Proof of success comes in the form of guest feedback — Outer Banks Inn is routinely ranked #1 in the market by Trip Advisor for its customer service and cleanliness. 

In addition to friendly, conscientious service and high housekeeping standards, the hotel’s amenities, from flat screen TVs to 24-hour front desk service, free YMCA passes and a variety of specials, discounts and package rates, receive high praise. Even a potential drawback, the hotel’s location one block from the beach instead of oceanside, has been nimbly addressed with the implementation of free beach shuttle service to transport guests to and from the beach.

Another asset to guests is the hotel’s central Kill Devil Hills location adjacent to the Bypass. Myriad dining and shopping opportunities are within easy walking distance. Numerous attractions, from the Wright Brothers Memorial to Bodie Island Lighthouse and Roanoke Island’s North Carolina Aquarium, Roanoke Island Festival Park, The Elizabethan Gardens and The Lost Colony, are only minutes away.

The Outer Banks Inn was quick to become active in the local business community, joining with the Outer Banks Chamber of Commerce and the Outer Banks Visitors Bureau and partnering with other local organizations and businesses to sponsor Outer Banks Sporting Events races, Theatre of Dare, the Outer Banks Bluegrass Festival and Outer Banks Wedding Association events. And, in true fairy tale fashion, the transformed hotel is already receiving accolades from the community — it was named New Member of the Year by the chamber of commerce and recently was designated the “Most Improved Property” by the Kill Devil Hills Planning Board.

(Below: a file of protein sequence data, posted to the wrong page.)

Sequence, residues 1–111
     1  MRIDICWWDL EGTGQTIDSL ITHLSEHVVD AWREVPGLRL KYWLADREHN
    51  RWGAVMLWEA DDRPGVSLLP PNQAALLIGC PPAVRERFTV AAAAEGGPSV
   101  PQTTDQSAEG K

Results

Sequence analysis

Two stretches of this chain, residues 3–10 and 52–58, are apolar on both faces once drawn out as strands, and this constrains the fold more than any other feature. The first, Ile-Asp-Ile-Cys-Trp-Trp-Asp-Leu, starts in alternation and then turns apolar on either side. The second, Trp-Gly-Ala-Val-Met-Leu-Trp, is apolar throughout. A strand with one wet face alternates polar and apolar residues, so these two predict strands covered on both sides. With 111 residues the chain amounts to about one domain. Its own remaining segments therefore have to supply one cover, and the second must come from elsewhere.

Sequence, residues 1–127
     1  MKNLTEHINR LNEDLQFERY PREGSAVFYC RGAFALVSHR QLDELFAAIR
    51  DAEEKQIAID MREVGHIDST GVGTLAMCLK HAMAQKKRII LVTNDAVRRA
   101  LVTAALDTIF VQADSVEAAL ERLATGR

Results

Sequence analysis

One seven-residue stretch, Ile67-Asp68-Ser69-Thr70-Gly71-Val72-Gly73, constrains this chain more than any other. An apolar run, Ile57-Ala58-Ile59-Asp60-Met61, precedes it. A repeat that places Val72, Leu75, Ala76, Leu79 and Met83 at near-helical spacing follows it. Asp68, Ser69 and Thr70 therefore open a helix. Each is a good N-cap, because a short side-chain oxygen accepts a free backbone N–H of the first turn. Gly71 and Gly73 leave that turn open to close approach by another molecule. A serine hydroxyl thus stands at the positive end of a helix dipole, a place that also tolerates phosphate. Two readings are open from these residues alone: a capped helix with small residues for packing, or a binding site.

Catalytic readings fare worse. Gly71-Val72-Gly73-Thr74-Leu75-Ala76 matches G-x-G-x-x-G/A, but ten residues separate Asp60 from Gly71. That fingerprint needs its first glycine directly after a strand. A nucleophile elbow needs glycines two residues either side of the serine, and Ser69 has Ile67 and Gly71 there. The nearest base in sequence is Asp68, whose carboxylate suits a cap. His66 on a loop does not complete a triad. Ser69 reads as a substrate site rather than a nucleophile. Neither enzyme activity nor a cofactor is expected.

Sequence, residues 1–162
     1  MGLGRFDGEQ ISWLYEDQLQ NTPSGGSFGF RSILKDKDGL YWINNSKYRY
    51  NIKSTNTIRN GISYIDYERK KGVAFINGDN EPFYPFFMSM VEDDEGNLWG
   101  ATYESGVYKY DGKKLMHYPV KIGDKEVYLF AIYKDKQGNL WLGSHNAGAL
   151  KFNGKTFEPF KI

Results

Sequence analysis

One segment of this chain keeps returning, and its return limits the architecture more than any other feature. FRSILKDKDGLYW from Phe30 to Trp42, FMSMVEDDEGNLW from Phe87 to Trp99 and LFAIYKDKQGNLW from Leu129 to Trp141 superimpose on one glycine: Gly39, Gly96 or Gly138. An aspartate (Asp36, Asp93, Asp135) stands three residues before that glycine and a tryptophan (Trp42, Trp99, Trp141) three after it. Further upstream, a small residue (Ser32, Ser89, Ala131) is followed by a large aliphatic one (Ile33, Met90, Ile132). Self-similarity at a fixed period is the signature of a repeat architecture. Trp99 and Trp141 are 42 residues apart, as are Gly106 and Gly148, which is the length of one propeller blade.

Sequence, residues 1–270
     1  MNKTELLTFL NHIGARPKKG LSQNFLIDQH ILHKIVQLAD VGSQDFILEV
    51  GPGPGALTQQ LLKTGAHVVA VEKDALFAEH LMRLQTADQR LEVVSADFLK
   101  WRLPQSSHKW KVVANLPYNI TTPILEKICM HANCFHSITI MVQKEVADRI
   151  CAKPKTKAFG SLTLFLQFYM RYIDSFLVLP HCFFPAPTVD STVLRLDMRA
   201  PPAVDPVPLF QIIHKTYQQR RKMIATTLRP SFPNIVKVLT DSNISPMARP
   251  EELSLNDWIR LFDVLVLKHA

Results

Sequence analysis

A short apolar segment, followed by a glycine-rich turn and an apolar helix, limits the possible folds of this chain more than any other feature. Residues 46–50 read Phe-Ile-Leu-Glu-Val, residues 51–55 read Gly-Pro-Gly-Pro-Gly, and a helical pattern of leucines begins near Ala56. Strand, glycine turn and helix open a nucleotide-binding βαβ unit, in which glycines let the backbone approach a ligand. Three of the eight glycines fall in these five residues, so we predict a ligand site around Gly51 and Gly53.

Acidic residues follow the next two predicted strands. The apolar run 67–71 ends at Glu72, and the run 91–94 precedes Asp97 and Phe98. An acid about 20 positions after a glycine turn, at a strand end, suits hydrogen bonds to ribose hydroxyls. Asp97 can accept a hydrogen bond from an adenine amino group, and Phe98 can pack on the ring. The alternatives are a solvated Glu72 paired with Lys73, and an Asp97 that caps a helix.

Both Blanchard and manager Roseberry are aware there is still much to do to ensure success. As an independent hotel lacking the advantages of a national chain’s marketing presence, the Outer Banks Inn is making innovative use of social media to expand its niche. “We’re still building our audience,” Blanchard says. “But I’m very happy with the capable, dedicated staff we’ve brought together and the work we’ve done so far.”

Having come so far so quickly, it seems clear that the transformation story of the Outer Banks Inn possesses all the building blocks for the “Happily ever after” ending it deserves.